It is a plan that sits firmly within the best Labour traditions. As with Ramsay MacDonald and Clement Attlee, Smith seeks to fight for workers’ rights. Infrastructure investment and ambitious house building targets echo Harold Wilson’s government. Tony Blair significantly increased spending on schools and hospitals, as Smith pledges to do now.
These are a set of proposals that should enthuse Labour members; surely this is what we all want to achieve?
Owen Smith is by no means perfect. The New Statesman recently listed four occasions he has made misogynistic comments, a worrying pattern. Supporting Owen Smith does not mean we turn a blind eye to this; even if we want him to win, we must be able to criticise if we think he is wrong. Smith seeks to represent us, and we should demand better from him.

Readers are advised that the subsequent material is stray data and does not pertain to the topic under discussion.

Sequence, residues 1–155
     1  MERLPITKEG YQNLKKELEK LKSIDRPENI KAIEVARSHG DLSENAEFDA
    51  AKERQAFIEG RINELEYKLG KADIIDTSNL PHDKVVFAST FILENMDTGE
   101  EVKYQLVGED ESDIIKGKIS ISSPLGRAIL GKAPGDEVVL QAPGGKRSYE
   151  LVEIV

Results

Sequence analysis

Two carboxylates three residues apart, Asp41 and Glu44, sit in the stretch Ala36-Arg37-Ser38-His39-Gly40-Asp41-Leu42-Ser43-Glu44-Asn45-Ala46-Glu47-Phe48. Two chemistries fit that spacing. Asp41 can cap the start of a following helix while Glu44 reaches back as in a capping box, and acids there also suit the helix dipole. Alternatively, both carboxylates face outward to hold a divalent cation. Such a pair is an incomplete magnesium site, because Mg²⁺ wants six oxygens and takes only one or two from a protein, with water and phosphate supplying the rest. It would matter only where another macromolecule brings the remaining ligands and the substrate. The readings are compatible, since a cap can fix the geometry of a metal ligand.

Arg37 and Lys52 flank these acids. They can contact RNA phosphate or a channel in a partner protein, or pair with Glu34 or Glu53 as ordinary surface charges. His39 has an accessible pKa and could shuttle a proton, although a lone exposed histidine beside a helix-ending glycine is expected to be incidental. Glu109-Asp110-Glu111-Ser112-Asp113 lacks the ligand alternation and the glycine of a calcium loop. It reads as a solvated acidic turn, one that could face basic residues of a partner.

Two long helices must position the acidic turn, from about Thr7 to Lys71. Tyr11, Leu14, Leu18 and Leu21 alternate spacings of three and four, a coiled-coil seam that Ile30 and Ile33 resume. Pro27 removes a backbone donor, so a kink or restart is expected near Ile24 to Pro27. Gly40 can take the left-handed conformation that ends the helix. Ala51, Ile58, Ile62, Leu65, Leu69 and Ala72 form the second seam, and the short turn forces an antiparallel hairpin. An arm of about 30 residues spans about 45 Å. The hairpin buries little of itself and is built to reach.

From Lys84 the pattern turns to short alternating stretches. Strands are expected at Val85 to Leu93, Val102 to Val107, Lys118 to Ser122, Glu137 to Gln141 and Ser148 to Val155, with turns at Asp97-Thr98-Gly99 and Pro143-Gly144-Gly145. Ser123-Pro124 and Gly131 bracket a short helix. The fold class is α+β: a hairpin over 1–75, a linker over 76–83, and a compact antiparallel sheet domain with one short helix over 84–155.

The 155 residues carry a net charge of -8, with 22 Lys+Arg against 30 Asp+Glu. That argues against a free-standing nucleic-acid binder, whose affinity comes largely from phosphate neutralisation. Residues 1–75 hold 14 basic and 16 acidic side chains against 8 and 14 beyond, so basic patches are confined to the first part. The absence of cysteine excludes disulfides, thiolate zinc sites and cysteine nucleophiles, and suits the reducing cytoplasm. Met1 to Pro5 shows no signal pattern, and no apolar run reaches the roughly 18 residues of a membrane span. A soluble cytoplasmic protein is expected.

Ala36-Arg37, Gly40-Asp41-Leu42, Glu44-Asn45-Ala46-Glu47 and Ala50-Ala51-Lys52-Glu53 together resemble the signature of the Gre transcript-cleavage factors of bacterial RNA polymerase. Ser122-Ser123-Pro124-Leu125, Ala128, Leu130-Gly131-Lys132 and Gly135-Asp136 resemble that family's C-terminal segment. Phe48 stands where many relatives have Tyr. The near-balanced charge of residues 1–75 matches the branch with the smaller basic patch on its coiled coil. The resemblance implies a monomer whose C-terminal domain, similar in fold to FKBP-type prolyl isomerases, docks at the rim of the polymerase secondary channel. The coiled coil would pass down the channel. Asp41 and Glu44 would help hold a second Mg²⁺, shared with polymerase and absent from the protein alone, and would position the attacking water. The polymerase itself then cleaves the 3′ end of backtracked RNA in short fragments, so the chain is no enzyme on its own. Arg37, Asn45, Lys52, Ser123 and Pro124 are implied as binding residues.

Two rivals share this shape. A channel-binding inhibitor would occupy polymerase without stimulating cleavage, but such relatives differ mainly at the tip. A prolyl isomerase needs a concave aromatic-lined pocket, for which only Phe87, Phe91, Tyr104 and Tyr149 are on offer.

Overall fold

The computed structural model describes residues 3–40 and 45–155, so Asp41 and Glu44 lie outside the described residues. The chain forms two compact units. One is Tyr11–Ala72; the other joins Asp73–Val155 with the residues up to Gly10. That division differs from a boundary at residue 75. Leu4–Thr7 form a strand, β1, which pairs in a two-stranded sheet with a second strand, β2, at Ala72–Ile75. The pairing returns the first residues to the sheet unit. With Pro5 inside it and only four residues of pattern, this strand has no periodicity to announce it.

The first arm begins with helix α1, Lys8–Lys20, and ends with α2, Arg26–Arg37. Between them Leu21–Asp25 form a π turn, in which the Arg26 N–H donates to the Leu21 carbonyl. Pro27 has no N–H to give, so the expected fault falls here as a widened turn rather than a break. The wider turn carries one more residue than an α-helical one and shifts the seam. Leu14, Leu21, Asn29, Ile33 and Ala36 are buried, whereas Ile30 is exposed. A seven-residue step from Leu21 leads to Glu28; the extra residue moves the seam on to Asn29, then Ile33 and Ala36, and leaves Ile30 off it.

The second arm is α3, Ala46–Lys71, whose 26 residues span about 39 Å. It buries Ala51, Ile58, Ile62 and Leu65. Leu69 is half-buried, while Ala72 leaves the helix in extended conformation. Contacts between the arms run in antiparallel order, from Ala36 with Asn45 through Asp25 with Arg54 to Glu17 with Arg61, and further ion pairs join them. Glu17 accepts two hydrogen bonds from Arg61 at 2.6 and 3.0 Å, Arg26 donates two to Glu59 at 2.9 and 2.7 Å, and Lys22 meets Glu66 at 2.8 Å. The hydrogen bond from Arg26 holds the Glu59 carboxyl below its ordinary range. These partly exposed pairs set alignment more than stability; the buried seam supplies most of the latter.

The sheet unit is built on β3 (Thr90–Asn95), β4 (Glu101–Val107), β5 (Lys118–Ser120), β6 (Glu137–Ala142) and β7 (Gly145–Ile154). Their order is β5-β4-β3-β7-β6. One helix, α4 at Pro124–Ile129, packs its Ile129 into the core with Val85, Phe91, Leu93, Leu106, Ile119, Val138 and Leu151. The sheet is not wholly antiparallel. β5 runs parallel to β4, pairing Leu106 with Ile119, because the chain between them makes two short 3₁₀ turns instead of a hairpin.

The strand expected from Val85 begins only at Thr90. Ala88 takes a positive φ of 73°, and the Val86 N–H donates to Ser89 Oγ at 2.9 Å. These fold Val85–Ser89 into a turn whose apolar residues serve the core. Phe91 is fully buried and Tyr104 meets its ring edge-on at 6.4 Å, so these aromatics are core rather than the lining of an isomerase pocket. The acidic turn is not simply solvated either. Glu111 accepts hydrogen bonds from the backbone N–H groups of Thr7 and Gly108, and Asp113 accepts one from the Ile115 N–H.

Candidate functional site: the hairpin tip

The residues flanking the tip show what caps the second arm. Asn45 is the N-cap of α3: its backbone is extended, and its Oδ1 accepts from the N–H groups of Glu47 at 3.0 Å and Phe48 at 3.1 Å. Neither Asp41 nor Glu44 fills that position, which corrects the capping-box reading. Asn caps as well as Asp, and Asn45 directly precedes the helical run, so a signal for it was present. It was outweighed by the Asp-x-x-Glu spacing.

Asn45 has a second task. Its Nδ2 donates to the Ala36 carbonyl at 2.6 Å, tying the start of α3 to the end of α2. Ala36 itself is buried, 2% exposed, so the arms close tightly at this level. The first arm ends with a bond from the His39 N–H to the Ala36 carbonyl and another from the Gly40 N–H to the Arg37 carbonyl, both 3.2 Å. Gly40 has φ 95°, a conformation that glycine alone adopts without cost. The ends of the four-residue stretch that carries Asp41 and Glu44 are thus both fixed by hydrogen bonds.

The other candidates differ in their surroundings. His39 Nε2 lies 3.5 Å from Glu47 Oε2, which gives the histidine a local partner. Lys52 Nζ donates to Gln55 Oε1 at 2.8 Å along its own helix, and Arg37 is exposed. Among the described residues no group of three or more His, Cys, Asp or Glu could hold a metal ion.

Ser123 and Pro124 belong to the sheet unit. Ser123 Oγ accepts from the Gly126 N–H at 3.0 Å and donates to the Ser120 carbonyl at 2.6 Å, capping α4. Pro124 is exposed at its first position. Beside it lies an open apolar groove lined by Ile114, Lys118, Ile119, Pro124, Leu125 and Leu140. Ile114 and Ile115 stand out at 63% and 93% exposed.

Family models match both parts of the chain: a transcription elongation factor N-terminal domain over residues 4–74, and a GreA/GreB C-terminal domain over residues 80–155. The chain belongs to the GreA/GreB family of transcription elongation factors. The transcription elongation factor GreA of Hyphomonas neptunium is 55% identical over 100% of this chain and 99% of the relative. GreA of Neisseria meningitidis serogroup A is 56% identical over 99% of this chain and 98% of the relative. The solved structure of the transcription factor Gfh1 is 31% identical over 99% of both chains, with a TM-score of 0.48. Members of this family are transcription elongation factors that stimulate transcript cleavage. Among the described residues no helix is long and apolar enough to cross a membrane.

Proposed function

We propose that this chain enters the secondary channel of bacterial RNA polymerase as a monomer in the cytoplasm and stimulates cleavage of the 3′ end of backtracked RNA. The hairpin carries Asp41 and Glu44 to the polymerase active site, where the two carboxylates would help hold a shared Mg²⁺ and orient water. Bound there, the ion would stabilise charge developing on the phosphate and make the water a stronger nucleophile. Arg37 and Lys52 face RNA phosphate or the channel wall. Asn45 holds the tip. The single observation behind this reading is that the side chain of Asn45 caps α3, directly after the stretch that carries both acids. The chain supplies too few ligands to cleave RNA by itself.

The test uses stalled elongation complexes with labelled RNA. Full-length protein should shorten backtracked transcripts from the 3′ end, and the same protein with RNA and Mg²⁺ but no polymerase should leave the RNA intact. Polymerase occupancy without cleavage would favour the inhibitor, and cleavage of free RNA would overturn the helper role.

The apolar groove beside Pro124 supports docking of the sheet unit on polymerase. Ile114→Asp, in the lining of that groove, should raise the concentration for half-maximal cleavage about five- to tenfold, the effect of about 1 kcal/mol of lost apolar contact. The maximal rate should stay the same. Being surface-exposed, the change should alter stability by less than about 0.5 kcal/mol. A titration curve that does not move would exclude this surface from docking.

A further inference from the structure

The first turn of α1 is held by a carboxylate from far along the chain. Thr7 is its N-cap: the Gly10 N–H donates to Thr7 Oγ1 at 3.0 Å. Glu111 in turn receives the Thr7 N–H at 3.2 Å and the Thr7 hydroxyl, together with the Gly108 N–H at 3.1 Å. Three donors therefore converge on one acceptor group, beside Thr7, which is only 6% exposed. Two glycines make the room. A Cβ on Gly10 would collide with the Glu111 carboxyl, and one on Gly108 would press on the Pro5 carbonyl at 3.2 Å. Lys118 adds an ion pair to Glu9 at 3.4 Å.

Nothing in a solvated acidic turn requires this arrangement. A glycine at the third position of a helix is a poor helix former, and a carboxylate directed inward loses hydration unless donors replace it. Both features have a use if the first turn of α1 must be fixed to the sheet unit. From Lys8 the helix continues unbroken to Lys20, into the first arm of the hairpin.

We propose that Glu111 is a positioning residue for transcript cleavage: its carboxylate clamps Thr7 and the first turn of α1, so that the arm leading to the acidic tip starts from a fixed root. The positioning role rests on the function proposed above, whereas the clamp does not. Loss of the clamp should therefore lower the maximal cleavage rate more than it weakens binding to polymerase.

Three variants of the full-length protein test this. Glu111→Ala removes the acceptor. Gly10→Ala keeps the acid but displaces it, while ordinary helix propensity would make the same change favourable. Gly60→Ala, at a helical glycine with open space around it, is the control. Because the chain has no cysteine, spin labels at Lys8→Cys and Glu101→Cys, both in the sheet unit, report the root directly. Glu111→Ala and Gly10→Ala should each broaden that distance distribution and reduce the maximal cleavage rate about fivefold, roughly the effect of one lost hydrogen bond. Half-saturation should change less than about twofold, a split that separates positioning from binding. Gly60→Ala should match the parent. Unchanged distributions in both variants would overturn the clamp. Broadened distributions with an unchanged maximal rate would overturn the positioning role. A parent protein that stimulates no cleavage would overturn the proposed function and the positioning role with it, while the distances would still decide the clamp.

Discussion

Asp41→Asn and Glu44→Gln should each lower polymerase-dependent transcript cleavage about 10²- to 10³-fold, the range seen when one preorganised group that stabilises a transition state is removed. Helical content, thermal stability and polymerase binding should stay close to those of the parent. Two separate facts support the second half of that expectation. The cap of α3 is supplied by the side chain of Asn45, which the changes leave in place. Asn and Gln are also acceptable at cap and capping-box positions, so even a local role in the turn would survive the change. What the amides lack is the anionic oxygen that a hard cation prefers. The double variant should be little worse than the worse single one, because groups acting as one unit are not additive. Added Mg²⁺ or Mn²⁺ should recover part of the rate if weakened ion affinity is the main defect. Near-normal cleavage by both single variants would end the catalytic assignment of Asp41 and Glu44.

His previous employment at Pfizer will have also concerned members, although its worth noting that the criticism doesn’t get any further than “he worked for Pfizer”.
In any case, any worries about Pfizer rank some way behind Jeremy Corbyn’s opportunistic proposals to nationalise pharmaceutical companies, and to cuttax relief for private companies developing life-saving medicines.
Seemingly a policy designed purely to attack a political opponent, this episode displays Corbyn’s cynicism and utter naivety; not exactly very “new politics”. As a party, we deserve much better than that.
All Labour members should rightly be proud of our party’s history. The NHS. The welfare state. Sure Start. The Open University. The minimum wage.
We have achieved some great things.
We can be a party to be proud of again. We can make a difference again.
In Owen Smith, we have someone with a radical left-wing platform, properly costed, and who would at the very least make Labour a more coherent, effective opposition. From here, he offers us by far the best chance of getting rid of the Conservative government.
The road back to power is long. Labour will still have to answer many difficult questions. But it is clear that Jeremy Corbyn does not have the solutions.
A vote for Owen Smith will mean Labour’s recovery can begin.